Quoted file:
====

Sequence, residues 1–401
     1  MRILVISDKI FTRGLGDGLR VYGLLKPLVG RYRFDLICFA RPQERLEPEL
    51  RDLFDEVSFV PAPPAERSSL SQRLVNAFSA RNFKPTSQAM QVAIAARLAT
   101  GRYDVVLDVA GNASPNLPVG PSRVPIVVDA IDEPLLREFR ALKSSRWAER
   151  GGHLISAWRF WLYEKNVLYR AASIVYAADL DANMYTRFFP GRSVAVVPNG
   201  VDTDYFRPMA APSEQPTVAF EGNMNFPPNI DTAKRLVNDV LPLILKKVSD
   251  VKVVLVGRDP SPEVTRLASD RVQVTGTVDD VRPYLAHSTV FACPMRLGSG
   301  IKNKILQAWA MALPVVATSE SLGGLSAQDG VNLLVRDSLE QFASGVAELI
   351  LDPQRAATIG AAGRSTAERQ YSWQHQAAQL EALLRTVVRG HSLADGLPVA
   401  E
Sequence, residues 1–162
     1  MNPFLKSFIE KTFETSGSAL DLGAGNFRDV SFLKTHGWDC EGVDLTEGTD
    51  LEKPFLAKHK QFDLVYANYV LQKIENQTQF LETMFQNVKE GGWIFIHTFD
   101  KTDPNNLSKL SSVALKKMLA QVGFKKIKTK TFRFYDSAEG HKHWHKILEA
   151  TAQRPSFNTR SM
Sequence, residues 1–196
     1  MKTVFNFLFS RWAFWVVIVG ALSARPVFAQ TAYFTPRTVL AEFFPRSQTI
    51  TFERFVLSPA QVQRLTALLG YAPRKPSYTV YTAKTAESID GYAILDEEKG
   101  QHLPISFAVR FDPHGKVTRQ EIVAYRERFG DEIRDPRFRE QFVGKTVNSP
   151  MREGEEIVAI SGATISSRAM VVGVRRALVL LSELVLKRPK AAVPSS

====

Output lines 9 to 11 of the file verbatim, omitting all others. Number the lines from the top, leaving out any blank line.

   351  LDPQRAATIG AAGRSTAERQ YSWQHQAAQL EALLRTVVRG HSLADGLPVA
   401  E
Sequence, residues 1–162